Why is it that men always seem to keel over first? Though the ones that “know thineselves” are smart enough to walk away at the first sign of an impending needle stick or bodily effluence, I always seem to get the ones who pretend to want to be “in on the action.” 

And that’s often a bad idea. 

Yesterday's roster smacked of the full-moon lineup. You know, the list of new clients coming in for acute conditions from dog bite abscesses to popped out eyeballs and gory cancers of the penis(!). It was not a day for a man to strain himself to show true colors in the exam room. Not this day.

Yet two of three tried. And one earned himself the visceral reaction smackdown. Next thing I heard was a slump against a wall followed by a slurred, “Doc, I gotta sit down, OK?”

Despite the warning signs, only my assistant’s reaction clued me in to the happenings behind the bushy dog whose face I’d been concentrating on. Her release almost earned me a canine snap, but I guess the pale man almost falling off the exam room chair provided her sufficient excuse. After all, better for the vet to get bit than the client to bash his head in on the stainless steel exam table.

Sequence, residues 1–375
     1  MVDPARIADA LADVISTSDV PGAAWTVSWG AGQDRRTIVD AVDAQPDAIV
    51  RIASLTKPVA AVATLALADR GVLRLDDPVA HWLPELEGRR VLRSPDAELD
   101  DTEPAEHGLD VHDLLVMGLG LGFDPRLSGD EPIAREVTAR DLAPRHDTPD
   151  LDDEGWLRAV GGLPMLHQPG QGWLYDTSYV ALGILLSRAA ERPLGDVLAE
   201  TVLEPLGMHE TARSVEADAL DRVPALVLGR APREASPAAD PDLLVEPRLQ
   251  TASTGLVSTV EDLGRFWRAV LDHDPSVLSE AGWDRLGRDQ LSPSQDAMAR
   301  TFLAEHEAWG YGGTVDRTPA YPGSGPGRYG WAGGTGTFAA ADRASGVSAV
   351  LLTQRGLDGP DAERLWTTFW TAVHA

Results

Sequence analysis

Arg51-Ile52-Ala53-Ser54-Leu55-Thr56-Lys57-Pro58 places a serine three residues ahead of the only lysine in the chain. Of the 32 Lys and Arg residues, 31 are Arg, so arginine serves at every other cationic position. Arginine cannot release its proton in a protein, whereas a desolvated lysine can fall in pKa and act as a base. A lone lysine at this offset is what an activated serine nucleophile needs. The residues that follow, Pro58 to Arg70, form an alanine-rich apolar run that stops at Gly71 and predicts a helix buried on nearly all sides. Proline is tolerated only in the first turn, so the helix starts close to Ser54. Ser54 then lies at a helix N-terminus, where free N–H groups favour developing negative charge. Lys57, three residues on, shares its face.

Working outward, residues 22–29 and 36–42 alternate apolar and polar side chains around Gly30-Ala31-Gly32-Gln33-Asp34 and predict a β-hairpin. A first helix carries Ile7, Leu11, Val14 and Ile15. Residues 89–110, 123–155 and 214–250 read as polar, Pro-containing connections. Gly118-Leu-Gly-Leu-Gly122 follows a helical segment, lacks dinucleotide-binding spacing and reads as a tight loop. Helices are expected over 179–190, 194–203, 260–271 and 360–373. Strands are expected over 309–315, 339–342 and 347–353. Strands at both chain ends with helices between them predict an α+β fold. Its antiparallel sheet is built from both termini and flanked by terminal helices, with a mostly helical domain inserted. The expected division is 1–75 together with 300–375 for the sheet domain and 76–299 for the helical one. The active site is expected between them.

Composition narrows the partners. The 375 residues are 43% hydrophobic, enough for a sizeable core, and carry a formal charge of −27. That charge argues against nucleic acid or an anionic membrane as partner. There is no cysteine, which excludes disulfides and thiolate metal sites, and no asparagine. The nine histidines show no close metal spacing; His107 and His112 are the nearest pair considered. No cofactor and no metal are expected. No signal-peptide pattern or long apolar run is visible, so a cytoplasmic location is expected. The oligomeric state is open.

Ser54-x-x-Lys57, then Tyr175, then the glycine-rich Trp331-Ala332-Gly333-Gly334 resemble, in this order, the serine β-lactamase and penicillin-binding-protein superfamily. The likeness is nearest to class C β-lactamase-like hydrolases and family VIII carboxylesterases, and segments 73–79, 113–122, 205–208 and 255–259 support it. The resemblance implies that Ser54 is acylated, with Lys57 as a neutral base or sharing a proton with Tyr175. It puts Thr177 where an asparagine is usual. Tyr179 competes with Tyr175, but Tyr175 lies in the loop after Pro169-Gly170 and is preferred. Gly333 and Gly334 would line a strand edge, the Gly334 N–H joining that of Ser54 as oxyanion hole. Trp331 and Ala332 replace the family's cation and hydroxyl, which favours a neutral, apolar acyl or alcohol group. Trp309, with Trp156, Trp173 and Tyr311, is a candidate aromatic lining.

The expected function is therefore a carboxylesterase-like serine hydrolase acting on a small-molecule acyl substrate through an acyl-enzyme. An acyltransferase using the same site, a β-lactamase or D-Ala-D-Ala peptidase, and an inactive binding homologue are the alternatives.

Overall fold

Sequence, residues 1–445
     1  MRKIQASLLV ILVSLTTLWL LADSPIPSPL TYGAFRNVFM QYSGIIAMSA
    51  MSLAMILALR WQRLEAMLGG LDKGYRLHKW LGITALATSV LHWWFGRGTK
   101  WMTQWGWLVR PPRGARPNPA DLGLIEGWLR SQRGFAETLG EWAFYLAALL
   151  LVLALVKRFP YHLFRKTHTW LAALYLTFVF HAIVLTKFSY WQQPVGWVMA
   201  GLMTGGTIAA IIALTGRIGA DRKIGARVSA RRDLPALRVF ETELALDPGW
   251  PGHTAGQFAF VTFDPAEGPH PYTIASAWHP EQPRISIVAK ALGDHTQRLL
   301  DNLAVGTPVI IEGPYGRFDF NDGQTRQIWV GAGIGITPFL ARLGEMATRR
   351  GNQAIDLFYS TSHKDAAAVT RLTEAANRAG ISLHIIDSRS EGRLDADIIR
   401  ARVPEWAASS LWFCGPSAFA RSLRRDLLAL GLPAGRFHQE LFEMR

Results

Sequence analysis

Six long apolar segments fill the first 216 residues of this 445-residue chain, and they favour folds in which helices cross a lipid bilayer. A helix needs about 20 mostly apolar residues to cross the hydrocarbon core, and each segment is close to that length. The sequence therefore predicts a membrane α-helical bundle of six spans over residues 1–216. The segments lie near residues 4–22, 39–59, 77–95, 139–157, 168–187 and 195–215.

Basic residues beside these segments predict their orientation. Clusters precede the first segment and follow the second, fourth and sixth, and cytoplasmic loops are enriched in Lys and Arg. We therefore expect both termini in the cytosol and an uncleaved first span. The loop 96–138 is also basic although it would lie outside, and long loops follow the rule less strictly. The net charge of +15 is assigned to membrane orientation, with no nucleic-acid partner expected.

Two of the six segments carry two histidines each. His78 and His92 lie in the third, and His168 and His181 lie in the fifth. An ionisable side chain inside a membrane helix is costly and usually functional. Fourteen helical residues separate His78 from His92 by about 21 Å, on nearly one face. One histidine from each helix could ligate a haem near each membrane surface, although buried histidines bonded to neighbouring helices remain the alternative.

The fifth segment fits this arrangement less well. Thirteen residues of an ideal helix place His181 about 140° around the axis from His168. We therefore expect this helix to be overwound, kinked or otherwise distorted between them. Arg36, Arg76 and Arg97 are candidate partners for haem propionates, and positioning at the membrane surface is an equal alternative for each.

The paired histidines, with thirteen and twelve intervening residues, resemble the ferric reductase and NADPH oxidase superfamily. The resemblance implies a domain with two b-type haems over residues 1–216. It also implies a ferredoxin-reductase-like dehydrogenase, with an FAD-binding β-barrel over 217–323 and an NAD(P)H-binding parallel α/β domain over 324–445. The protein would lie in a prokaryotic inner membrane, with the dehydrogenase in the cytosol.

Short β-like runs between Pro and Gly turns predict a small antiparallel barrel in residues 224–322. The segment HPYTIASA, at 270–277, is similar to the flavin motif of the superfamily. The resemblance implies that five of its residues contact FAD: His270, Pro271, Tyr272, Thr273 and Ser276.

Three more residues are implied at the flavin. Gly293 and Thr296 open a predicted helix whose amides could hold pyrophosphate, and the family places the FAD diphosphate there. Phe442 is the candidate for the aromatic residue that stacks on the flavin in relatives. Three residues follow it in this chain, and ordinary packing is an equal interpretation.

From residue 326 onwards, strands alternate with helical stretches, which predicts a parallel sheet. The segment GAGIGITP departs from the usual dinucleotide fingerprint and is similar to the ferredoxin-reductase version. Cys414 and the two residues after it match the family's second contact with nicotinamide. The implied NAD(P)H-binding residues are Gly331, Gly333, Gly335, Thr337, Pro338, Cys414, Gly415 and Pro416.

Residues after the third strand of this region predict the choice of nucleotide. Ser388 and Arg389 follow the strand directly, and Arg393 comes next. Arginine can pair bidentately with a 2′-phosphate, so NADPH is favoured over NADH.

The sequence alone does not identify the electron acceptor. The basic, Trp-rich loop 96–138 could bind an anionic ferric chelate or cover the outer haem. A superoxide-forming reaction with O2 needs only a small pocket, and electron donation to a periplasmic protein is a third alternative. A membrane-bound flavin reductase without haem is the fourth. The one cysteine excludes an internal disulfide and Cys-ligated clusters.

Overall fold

So here's where I ask: Why is it that men seem ten times as likely to lose it in the exam room? While the sight of a flowing abscess or a bleeding wound seems rarely to elicit more than an appraising, “Wow!” from a woman, a man will typically back up in utter disgust: "Gee thanks, that was more than I needed to see."

What’s that all about?

Though I relish the opportunity to minister to the fallen, it’s always an unwelcome adventure, this testosterone-related free-fall. What is it I’m supposed to do for this now-demoralized human male? 

Worse, yet, is the knowledge that while this happens to me with some regularity, it rarely afflicts my male colleagues’ practice. Do their male clients know better? Do mine feel the need to prove their salt in the presence women and watch what they know they shouldn’t?

Dunno about all that but I do know one thing: A fainting client is a surefire recipe for getting zero complaints about the bill. Imagine that!